Smithsonian scholar examines legacy of the U.S.-Mexico Bracero Program

Just two days after the end of an election season in which immigration was a top issue, historian Mireya Loza spoke to students and faculty about the Bracero Program, a binational agreement between the United States and Mexico that allowed Mexican male laborers to enter the United States on temporary work permits to cover a labor shortage brought on by World War II.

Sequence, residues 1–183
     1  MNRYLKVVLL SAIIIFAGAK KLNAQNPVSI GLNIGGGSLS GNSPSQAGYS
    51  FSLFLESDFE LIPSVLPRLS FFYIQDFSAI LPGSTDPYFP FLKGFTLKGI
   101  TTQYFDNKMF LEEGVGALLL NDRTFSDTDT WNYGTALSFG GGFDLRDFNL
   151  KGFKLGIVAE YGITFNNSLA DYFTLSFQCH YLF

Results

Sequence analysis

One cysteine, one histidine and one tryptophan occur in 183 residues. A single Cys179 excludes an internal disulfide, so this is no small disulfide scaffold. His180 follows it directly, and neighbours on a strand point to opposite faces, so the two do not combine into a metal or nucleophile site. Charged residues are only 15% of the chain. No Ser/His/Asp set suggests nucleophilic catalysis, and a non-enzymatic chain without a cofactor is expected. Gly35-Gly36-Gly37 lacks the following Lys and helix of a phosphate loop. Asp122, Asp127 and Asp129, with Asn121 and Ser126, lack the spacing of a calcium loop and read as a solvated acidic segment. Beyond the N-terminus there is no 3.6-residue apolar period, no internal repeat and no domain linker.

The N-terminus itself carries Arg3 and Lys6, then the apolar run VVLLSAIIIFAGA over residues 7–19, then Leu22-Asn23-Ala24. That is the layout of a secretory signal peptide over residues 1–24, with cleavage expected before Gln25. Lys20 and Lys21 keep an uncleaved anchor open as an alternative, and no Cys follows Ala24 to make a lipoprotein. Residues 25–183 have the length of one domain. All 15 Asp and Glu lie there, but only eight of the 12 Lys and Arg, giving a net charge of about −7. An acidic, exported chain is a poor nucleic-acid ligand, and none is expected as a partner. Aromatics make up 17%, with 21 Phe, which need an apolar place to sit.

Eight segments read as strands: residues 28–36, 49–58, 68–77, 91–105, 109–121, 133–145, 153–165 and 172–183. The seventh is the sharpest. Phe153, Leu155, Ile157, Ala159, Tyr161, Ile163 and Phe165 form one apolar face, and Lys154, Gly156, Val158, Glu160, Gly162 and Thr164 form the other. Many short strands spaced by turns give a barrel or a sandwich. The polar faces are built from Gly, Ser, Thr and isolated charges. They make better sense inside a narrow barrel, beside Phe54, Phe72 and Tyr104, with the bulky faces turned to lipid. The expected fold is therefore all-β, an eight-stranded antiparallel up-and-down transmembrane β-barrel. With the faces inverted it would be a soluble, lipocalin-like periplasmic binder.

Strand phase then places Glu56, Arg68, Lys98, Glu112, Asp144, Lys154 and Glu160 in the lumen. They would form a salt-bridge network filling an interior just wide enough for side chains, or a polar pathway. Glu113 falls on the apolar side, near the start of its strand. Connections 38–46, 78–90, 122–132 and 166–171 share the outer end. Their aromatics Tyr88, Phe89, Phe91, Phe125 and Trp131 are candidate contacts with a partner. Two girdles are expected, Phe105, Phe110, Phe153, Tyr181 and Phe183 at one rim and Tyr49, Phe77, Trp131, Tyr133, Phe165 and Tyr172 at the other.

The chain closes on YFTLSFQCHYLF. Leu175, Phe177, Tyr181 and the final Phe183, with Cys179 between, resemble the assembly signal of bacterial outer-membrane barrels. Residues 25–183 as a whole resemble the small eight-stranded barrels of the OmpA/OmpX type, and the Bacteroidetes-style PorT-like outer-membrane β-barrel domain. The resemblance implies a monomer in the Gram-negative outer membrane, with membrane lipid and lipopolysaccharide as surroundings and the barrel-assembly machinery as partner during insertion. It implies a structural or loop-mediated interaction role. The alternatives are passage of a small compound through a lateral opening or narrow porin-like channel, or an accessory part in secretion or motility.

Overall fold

Over 4.5 million bracero contracts were issued between 1942 and 1964, with most participants working in the agriculture and railroad sectors. While the program was received with excitement immediately after the war, that feeling dissipated throughout the 1950s and 1960s.